Sunday, 2 August 2015

Living in the cloud.

Living in the cloud (for free) is possible, if clunky. I wouldn’t do it if I didn’t have to.

I’ve recently been given a new laptop with my new job, and a whole lot of obligations in maintaining security. So that means I can’t use my beloved MacBook any more for work, which means I have to use my work laptop for personal stuff that I can’t avoid doing during the week. And because of the security obligations, I can’t install all of the software that I’ve been used to on my work laptop. All of my music, photos, files are now out of reach.

It turns out that most of my data is already in cloud services like Yahoo! Mail, Dropbox, Google Drive, iTunes Match, even 1Password. And each of these cloud services have web apps, which means I can get to my passwords, music and files without installing anything, just by going to the right URL in my browser. My work laptop is secured because no nefarious files are installed. My privacy is assured because no personal files are copied onto my work laptop. Conceptually, it’s all good.

Practically, there are limitations. Web apps are optimised to run on the latest browsers, which currently are Chrome and Safari (Project Spartan will soon be added to this list when Windows 10 is launched). My work laptop is languishing in the lamentable past of Windows 7 and Explorer 7, so few of the web apps work with all promised functionality.

The worst limitation is with photos. Apple has integrated iPhotos with iCloud, but the cost of storing the full photo library in Apple’s cloud is prohibitively expensive. So I can only see selected photo streams, rather than the whole library.

Now that I’ve strewn my digital life in the digital heavens, I have a whole new problem of overlapping cloud services. To illustrate: I have files in Dropbox, Google Drive, Apple iCloud,, Microsoft OneDrive, Amazon Cloud Drive. How do I know where anything actually is? My MacBook knows, because all (except Amazon) are well-integrated with OSX, so spotlight search surfaces results from each of the cloud services. However, my work laptop doesn’t know, because I can’t install the sync utilities.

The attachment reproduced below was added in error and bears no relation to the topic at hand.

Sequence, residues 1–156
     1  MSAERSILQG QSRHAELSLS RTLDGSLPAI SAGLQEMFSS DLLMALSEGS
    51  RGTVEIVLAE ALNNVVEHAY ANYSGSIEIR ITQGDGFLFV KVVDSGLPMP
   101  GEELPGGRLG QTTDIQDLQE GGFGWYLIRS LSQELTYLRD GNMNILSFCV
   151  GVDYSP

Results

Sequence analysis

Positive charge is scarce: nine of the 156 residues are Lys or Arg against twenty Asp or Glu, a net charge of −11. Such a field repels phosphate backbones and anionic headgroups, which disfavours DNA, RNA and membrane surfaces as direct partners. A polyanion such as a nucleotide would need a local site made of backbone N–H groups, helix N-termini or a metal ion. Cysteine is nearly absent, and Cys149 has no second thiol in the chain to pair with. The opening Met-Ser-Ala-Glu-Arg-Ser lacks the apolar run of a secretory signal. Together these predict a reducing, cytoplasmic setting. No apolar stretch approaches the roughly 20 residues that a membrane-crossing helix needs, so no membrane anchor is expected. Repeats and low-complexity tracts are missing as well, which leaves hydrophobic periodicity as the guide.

The answer is to apply the cardinal rule for cloud-based sanity – only one type of content per cloud service. In my case:
  • ·      Apple iTunes Match hosts all of my music.
  • ·      Amazon Kindle hosts all of my books.
  • ·      Yahoo! hosts all of my personal email.
  • ·      Google Drive hosts all of my personal files.
  • ·      Dropbox hosts all of my gubernatorial files.
  • ·      There are no work files in a public cloud at all, only on work servers.

So if I want to know where anything is, I can identify the right cloud service to search, by content type. This currently works for music and files, but not for anything else. All other file types are hosted in the Drobo, my home NAS.

But then the Drobo died. I’m still hopeful that the files can be recovered, as I think either the power supply or the chassis broke. But whilst I find a fix, I have no access to photos or movies. Which has led me to think – once my files are recovered, should I start paying for a cloud backup service?

Cloud backup is different from cloud services. Even if cloud services are cheap, they’re not free beyond the first 5GB or so, and my backup runs into more than 1TB. Most of it is in photos, music and movies. Curiously, we don’t watch ripped movies any more, as all the content we want is available in streamed services. Music is already available as an alternative. So that leaves photos.

Amazon Prime has recently provided a solution to photos storage. Along with the free next day delivery, free TV subscription, and free music subscription, Prime members can enjoy unlimited storage for photos. I’m going to look at how easy it will be to include Amazon Prime Photos into my workflow.

So with the right range of cloud services, and the right methodology in using them, it is possible to live in the cloud for free. However, with my own computer and NAS, it’s much easier not to.

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